M[/dropcap[ikhail Borisovich Khordorkovsky is charming, well-educated, self-confident and highly intelligent. He has suffered imprisonment twice for standing up to Vladimir Putin and his power apparatus in Russia. He runs a platform for genuine (as opposed to state) information about Russia (“Open Russia”). He is a major philanthropist and has the support of leading politicians in the West for his work defending human rights. Yet he is one of the notorious oligarchs. Like many of his kind, he bought up shares in defunct state concerns after the collapse of the Soviet Union, making millions in the process. He was appointed head of Yukos, a hugely successful oil company, which made him the richest man in Russia. He is still worth millions today.
The oligarchs controlled the Russian regime that emerged under Boris Yeltsin. It was the era of gangster capitalism. Much of Russia’s wealth was controlled by criminal gangs. Shootings and murders were common in Russia’s cities. With the collapse of the Russian economy, much of Russia’s population were impoverished and forced to sell prized possessions in the streets just to buy enough food. Boris Yeltsin, although he stood for democracy, was controlled by the oligarchs and had great difficulty in running the country. During this time, Khordorkovsky was suspected of arranging the murder of the Mayor of Nefteyugansk, Vladimir Petukhov, who stood in the way of the expansion of Yukos.
It comes as no surprise, then, that when Vladimir Putin, originally an obscure operative in the KGB, became president and started to challenge the oligarchs, arresting many and taking over their assets, his actions were immensely popular with many Russians. Indeed, Putin used this initiative to lay down the foundations of his control of Russia.
What is so useful about this documentary about the ambiguous figure of Khordokovsky is that it clarifies the reality in Russia. A simplistic Western view of Russia is that Russia is reactionary, backward and likes autocracy and is reverting to form. Putin is anti-liberal, anti-democratic and wants Russia to be “great” again. This is only half true. Putin inherited a situation of gangsterism. What he did was seize control of this gangsterism and use it for his own purposes. Russia was suffering disorder and poverty. He restored “order” and thinks he is building up respect for Russia. The concept of control is the key to understanding Putin. This is well illustrated in this documentary which shows the episode in which the relatives of the sailors of the submarine Kursk, that sank tragically in the Barents Sea, scream at officials for their dishonesty and inaction. One woman, particularly effective in her criticisms, suddenly has a syringe put in her arm and is “calmed down”. She is brought under control. What Putin wants is control.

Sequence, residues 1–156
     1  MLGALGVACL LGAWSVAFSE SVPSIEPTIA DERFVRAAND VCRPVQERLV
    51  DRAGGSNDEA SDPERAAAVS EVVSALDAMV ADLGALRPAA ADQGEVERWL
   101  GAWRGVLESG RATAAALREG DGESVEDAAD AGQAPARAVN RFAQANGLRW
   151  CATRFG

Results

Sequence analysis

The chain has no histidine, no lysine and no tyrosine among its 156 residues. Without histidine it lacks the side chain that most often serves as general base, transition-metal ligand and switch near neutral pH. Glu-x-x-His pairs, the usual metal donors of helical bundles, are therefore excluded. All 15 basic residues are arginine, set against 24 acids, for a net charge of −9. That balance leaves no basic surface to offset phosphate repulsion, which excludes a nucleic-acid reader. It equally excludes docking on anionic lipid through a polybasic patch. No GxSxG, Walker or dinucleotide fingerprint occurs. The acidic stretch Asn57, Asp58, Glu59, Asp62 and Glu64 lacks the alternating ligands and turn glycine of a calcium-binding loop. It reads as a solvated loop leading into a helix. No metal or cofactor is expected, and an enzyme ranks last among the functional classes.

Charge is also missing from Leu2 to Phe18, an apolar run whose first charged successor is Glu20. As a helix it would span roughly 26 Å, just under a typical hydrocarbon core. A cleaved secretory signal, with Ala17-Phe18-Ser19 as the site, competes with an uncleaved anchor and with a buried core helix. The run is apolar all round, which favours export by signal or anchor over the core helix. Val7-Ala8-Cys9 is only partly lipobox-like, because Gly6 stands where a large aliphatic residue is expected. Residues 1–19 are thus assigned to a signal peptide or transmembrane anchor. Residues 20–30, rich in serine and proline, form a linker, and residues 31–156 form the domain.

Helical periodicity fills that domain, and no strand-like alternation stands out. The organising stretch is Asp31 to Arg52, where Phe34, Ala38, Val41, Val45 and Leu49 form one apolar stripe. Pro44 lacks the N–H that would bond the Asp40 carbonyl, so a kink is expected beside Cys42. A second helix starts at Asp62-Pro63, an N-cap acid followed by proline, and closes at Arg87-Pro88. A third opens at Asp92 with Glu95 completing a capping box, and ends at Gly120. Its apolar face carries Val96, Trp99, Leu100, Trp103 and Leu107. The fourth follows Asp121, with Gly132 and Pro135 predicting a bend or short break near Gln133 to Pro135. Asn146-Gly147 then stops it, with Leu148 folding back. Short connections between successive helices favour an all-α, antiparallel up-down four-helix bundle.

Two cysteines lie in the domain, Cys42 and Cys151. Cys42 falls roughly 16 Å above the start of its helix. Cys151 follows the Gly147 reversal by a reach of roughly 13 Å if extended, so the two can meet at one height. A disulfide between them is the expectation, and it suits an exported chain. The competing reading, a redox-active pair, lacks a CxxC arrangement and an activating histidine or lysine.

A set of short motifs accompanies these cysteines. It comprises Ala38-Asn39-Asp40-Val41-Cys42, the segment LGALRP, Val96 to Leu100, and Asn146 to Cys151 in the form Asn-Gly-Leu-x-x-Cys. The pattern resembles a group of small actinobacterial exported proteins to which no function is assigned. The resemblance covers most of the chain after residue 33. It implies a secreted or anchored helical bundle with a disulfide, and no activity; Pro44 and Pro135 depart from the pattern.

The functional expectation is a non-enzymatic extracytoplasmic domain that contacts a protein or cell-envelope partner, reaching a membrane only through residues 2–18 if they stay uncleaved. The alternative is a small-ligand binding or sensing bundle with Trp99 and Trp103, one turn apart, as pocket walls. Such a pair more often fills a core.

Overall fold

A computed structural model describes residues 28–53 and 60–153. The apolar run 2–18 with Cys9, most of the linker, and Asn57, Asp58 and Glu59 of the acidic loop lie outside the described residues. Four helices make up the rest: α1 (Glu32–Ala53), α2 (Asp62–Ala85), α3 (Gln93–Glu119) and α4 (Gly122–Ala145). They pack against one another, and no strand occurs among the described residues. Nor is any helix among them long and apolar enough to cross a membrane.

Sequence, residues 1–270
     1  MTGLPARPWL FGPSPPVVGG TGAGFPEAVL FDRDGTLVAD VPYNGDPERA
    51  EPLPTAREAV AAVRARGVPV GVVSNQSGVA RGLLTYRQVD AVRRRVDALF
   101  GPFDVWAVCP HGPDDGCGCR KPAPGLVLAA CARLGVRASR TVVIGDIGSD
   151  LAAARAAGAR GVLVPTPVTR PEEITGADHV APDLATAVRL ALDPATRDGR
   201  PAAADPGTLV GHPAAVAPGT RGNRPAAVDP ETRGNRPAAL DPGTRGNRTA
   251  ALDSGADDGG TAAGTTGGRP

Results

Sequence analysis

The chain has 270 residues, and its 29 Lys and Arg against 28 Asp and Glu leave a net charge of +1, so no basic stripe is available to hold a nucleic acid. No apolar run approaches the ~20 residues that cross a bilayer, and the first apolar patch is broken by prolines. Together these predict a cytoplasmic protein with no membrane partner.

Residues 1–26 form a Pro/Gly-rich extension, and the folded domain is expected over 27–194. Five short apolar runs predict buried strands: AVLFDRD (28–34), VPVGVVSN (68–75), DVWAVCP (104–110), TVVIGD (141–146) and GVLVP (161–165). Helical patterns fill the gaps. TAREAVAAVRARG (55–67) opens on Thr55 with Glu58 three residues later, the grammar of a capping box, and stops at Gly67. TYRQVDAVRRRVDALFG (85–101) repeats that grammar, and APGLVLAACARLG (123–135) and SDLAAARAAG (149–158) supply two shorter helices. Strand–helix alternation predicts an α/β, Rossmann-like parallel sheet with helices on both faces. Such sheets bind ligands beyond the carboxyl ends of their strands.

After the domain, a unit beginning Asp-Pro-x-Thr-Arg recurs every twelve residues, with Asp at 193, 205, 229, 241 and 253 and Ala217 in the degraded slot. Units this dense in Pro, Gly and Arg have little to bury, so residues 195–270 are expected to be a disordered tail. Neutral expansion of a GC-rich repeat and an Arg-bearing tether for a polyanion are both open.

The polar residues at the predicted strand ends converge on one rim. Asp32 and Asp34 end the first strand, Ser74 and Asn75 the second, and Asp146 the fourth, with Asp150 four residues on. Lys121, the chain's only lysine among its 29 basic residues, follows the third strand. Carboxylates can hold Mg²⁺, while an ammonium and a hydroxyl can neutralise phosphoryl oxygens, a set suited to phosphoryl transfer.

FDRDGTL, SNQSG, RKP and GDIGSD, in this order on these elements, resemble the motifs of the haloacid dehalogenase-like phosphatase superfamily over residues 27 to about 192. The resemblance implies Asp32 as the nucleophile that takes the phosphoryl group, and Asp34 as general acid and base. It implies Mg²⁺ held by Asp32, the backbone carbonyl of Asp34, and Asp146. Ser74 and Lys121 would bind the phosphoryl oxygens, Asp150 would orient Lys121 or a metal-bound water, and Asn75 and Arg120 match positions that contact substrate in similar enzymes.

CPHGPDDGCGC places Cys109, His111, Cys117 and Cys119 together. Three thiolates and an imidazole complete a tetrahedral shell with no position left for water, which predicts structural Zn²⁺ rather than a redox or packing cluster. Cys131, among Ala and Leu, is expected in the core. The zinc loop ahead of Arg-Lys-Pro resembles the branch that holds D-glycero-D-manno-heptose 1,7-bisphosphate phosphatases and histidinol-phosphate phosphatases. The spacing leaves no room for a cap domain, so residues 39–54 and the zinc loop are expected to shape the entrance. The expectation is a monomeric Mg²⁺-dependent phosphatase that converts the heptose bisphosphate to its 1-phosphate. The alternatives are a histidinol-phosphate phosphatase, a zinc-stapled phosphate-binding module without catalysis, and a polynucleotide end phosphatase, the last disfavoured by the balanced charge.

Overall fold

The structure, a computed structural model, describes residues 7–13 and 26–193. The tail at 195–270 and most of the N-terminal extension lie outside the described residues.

Anything that threatens that control is dealt with. That was why Russian dissidents are not safe abroad, why the media is ruthlessly supervised, why interference goes on with foreign governments. Putin wants nothing that will call him to account. He wants to mess around with the processes of democratic governments because under their systems he would be called to account. He indulges in dog-whistle politics – rage against “filthy practices” coming in from the West (such as homosexuality), expansion abroad, paranoia about the “persecution” of Russia – because these themes are part of the Russian tradition. It is not that Russia is inherently reactionary. Many of the middle class in Moscow and Saint Petersburg loathe him. It is that many Russians are reactionary, and he wants to establish his base, in the same way that Trump wants to cultivate his base in Mid-America, and Brexiteers want to call up the prejudices and illusions of Middle England to establish their case.
The strange control of Putin is illustrated not just with the chilling events in Salisbury but also with the course of Khordorkovsky’s second trial. At the trial, after being previously convicted for embezzlement of Yukos’s money, in a contradictory way, he is then accused of not paying tax on the money he stole. This was so absurd that Khordorkovsky and his defence team in the court start laughing out aloud and mocking the inept Chief Prosecutor. This was captured on television and has made many Russians sympathetic to Khordorkovsky because it unmasks so well the injustices and pretences of Putin’s regime.
This documentary is a solid and efficient exposé of Putin’s regime. By concentrating on someone who is not entirely guiltless but seems to have been improved by his sufferings, it portrays the contradictions and tragedy of the modern Russian state. It won’t have the general public queuing round the block but catch it if you can. You will learn a lot.
Citizen K is in cinemas on Friday, December 13th.